Josef Albers

Seclusion . 1942

+ Cristea Roberts Gallery

Albers first seriously took up printmaking in 1916, at the age of 28. After attending the Royal Art School, Berlin, from 1913 – 1915, he returned home to Bottrop to take up a teaching position. Simultaneously he resumed his studies at the School of Applied Arts in nearby Essen, where he began printmaking via bookplates and greetings cards. He focused on everyday subject matter to produce accomplished linocuts and lithographs depicting local landmarks, such as sand and coal-mines and animals. Using what was available to him during wartime, these graphic works were printed on a variety of papers and on sheets of different sizes. Albers first lithographs were based on dancers he had observed in a ballet entitled The Green Flute in 1916. His portraits from this period include studies of his own striking profile and those of his friends. The soft floating figures from The Green Flute series and his portraits reveal the playful and informal side of Albers’ character, as well as his developing fascination with the interplay of two and three-dimensional space.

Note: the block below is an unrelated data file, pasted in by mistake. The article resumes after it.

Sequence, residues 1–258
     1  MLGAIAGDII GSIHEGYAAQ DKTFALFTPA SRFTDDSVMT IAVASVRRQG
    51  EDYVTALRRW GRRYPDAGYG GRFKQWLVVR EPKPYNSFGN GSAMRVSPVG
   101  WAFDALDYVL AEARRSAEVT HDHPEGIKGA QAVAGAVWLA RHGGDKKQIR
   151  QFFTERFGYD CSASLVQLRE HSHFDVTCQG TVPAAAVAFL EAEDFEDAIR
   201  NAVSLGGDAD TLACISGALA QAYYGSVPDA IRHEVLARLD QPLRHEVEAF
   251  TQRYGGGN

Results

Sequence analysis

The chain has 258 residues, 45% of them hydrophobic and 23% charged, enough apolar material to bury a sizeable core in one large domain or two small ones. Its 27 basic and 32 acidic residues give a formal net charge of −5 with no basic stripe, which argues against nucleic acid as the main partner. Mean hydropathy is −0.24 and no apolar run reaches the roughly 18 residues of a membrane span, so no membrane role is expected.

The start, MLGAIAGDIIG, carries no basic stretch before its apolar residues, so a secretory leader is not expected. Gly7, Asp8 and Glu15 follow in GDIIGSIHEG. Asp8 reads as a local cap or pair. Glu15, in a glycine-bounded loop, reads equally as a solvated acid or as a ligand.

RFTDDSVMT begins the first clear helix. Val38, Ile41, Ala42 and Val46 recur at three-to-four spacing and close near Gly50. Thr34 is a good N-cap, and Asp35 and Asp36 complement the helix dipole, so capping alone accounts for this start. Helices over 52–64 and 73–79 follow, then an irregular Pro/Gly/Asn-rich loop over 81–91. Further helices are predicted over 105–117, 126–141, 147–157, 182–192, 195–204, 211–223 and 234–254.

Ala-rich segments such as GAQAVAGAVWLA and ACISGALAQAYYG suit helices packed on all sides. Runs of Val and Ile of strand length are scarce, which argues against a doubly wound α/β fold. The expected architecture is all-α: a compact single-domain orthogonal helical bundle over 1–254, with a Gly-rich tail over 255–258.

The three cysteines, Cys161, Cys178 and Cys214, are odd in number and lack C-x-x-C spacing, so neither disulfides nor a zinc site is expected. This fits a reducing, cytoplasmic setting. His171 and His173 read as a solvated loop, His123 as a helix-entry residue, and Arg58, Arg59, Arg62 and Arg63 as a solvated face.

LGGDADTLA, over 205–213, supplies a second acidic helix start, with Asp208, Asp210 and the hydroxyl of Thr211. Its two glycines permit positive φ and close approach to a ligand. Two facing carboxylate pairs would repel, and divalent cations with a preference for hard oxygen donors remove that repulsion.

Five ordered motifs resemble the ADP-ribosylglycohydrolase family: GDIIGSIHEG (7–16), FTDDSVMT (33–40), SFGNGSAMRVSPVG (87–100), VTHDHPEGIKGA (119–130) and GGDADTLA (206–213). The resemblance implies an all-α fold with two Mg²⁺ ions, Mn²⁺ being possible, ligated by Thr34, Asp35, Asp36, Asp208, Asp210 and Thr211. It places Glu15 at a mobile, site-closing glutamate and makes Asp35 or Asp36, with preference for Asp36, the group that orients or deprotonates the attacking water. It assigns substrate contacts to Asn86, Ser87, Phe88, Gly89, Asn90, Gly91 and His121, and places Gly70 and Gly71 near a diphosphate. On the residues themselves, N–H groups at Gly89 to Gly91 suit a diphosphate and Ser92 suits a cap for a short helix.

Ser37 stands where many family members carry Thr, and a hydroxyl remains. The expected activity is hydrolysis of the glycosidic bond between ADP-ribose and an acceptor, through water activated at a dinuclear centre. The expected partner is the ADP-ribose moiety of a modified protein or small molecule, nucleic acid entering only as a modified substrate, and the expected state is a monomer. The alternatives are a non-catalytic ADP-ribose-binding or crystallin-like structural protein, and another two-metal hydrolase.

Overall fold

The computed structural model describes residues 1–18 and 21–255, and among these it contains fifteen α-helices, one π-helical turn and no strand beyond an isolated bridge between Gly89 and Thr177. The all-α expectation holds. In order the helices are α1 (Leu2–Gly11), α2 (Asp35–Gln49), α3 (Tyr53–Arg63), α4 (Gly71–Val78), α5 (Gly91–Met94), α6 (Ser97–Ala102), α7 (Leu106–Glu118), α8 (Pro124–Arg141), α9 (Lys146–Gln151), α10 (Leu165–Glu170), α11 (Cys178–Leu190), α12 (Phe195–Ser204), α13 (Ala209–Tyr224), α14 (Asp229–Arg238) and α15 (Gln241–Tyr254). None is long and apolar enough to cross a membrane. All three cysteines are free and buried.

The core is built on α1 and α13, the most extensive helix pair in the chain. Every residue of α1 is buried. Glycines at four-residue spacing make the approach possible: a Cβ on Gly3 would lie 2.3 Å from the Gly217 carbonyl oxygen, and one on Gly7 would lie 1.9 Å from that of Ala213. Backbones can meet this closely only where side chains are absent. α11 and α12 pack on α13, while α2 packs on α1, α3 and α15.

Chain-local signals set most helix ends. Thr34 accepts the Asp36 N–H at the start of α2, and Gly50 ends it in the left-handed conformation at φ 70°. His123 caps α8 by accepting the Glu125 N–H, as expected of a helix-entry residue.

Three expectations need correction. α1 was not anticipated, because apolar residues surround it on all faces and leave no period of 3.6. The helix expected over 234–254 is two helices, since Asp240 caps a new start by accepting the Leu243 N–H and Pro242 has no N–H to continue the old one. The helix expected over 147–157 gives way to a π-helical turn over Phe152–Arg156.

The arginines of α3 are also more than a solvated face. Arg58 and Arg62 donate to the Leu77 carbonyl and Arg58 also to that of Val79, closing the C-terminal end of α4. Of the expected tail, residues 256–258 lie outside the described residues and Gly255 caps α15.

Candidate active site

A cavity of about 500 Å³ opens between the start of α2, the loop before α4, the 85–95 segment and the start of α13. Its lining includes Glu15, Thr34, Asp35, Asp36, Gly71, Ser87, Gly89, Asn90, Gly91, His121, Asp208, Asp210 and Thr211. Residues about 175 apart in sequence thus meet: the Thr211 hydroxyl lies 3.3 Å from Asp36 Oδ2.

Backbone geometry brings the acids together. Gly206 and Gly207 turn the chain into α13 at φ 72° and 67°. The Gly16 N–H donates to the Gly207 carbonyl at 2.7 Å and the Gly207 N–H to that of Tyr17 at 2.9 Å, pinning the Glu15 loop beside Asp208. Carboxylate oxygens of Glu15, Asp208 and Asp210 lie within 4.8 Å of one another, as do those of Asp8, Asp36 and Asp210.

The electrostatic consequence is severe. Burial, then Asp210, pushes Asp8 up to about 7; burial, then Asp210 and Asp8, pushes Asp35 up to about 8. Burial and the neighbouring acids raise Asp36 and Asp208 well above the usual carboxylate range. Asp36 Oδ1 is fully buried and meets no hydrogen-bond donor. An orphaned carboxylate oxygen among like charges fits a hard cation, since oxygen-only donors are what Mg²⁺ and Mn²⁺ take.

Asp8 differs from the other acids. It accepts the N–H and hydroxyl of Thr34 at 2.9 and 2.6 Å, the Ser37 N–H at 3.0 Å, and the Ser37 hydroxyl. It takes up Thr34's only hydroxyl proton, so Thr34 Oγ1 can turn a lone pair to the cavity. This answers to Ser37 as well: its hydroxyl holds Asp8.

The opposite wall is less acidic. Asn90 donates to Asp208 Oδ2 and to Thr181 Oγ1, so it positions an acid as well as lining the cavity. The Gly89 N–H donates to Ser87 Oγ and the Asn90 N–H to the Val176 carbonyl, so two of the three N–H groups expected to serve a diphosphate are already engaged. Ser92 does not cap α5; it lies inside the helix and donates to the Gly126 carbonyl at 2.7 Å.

Cristea Roberts Gallery